All of us seemed to champion black economic empowerment, but my great fear was that only a handful of people would benefit at the expense of white and black shareholders (directly or through such vehicles as retirement funds) who owned the companies subjected to BEE.

I am in favor of economic empowerment, but economic empowerment for all; not just for black residents of SA. The best remedy for past apartheid abuses is to ensure that in future all people can enjoy opportunity to succeed.

A solution for the US, for Europe, for the Middle East and certainly for SA is what I call "employee capitalism." It means that all employees have an opportunity to earn variable compensation based on sustainable improvements in company performance.

There are no caps on awards, but for senior management their awards should be put into a "bonus bank" that pays out only gradually based on sustainability. The focus is then on long-term and not short-term results. It is a simple free-market solution that will work everywhere. Thus, my response to RET is to permit an active market for corporate control; for government to permit product, labour and financial markets to have true competition.

It is plain stupid to limit immigration into SA of people who are well trained, and are needed in the country, out of fear that they will take jobs away from South Africans. There is no evidence for this anywhere. In fact, by talented people coming to SA, SA will be receiving foreign aid as the education of these people has been paid by the countries from which they emigrate.

They will come to develop business, hire people, train and develop them. What could be better? In addition, as mentioned, an economic value-added (EVA®) transformation would provide incentive for all people to strive to do better.

Finally, government should privatise the education system; for example, to launch an education-voucher system where private firms would provide training and development for people so that they can become productive members of society.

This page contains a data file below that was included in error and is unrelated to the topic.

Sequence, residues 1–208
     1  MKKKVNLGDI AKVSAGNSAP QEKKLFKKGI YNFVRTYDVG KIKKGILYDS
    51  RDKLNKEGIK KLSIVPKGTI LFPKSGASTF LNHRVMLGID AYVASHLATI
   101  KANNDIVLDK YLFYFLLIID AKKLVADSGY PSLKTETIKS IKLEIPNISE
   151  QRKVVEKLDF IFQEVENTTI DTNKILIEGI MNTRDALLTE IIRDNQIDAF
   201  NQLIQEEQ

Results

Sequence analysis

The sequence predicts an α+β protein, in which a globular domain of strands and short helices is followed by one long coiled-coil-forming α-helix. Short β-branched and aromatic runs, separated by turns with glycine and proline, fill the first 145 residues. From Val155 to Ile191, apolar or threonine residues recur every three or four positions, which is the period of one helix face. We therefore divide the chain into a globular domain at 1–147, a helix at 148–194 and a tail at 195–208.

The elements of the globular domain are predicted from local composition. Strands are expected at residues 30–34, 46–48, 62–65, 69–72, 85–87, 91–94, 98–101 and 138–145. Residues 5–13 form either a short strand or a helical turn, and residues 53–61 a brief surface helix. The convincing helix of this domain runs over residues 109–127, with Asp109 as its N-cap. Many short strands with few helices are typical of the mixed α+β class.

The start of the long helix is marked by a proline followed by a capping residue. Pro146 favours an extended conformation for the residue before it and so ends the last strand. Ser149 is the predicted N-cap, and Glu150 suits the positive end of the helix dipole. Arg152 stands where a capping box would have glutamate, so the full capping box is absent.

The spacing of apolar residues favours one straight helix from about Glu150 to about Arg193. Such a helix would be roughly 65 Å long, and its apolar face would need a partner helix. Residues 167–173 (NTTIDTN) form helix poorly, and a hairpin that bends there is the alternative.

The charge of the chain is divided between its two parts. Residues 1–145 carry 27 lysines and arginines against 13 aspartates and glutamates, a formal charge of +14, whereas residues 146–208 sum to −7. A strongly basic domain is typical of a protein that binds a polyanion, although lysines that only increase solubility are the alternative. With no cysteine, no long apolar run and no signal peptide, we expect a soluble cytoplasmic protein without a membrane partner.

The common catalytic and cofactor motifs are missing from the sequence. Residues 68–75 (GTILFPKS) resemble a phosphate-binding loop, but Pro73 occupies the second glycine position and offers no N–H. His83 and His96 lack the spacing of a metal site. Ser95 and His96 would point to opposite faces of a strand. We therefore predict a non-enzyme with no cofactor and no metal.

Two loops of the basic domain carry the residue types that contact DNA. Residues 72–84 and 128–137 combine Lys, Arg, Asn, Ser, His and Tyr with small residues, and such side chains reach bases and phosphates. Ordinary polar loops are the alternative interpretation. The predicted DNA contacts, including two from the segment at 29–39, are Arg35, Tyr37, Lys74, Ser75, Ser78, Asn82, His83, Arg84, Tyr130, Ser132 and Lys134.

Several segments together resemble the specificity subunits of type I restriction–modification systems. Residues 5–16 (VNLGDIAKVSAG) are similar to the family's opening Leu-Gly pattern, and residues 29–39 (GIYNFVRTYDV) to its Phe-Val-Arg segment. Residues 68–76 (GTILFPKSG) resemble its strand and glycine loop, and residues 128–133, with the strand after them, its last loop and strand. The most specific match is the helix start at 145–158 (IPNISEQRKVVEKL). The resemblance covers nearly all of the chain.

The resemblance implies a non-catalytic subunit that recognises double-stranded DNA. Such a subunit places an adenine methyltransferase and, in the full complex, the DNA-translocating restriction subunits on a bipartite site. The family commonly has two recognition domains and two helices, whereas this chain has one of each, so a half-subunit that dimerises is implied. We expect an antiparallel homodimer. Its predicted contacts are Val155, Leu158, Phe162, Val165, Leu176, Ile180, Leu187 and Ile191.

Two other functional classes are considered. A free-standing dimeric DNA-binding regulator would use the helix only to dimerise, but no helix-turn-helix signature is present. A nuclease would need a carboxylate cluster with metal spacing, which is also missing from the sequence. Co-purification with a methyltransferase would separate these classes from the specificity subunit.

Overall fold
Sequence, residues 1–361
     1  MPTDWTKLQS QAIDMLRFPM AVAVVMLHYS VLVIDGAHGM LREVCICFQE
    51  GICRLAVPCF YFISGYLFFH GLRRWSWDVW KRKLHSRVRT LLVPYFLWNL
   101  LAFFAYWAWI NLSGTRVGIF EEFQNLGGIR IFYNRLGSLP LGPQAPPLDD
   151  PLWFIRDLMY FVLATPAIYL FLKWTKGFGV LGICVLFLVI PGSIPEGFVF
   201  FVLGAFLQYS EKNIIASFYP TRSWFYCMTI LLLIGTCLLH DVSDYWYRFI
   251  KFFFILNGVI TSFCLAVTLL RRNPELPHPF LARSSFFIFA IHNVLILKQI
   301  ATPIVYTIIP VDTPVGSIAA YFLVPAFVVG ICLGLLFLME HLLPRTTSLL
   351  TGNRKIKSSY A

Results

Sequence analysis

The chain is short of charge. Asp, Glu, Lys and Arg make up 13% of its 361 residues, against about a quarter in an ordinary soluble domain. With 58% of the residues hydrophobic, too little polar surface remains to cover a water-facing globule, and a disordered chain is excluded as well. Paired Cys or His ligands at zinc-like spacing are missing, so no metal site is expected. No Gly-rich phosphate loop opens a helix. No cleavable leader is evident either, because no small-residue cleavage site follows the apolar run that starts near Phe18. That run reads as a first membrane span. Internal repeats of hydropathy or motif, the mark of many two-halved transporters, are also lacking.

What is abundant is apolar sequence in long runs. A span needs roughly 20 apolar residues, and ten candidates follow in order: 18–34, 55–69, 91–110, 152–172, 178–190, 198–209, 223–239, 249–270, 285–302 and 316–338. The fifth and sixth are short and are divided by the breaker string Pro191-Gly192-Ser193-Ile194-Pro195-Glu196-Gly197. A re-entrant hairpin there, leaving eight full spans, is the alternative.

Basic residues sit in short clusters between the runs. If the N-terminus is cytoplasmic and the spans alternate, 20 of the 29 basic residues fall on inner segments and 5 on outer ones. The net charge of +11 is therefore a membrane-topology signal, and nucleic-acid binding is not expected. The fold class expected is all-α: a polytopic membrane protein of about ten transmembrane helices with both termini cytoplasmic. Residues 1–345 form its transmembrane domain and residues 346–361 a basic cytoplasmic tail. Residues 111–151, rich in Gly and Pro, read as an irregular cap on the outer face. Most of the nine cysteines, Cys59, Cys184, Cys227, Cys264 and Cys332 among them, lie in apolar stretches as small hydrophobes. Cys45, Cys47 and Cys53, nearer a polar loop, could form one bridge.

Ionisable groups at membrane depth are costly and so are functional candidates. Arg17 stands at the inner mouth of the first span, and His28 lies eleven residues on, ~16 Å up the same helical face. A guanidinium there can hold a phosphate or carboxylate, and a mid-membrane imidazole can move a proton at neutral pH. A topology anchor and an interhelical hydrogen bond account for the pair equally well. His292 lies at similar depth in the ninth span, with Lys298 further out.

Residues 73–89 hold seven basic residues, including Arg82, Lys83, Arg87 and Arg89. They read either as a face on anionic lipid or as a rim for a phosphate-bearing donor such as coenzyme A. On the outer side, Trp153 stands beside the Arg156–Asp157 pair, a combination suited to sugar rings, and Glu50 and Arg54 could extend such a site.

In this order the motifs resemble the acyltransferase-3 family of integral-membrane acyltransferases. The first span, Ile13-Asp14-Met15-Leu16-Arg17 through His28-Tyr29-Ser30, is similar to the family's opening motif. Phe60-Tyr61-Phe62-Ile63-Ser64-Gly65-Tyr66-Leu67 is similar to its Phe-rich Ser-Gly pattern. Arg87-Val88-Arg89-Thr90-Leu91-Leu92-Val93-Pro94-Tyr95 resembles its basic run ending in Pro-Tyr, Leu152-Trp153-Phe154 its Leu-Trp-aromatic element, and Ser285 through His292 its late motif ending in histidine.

Even if a few executives are getting paid what you and others consider to be excessive compensation, the way around this is not for government to regulate anything. It is to allow for unfriendly takeovers and an activist mentality in the financial markets. The programme envisaged by TT does accomplish some of this.

But what about education? What about foreign direct investment? What about the best ways to overcome the white supremacist attitude that has been so devastating for so long?

I am a champion of individual liberty, choice and competition. They provide the best solution for current and future harmony in SA and elsewhere.

I am a champion of individual liberty, choice and competition. They provide the best solution for current and future harmony in SA and elsewhere.

Since RET has become a discussion point, look at the industrial policy that SA now has. You surely cannot imagine that government politicians are going to tell us where our monies should be invested in order to create sustainable employment. It cannot possibly happen. They will bear none of the risk when mistakes are made, and when losses are generated the spigot will remain indefinite.

We have examples in Transnet and SA Airways (SAA). Both organizations need the type of cleansing I am talking about. I suggested that economic value-added change be implemented in SAA when the chief executive was a former student of mine.

However, the Minister of Public Enterprises turned it down saying bonuses will not be paid until the airline generates profits. Well, if that's it, forget about it. This will never happen.

I have been visiting SA regularly since 1978. For 35 years I have been on the faculty of both UCT and Wits. I love the country and the people, but I fear for the future.

* Prof Joel M Stern, who created the economic value-added (EVA) concept as the primary measure for corporate performance and consults on it for major corporations internationally, is chairman and chief executive of New York-based Stern Value Management. 58 Today's Trustee December 2014/February 2015 I am a champion of individual liberty, choice and competition. They provide the best solution for current and future harmony in SA and elsewhere.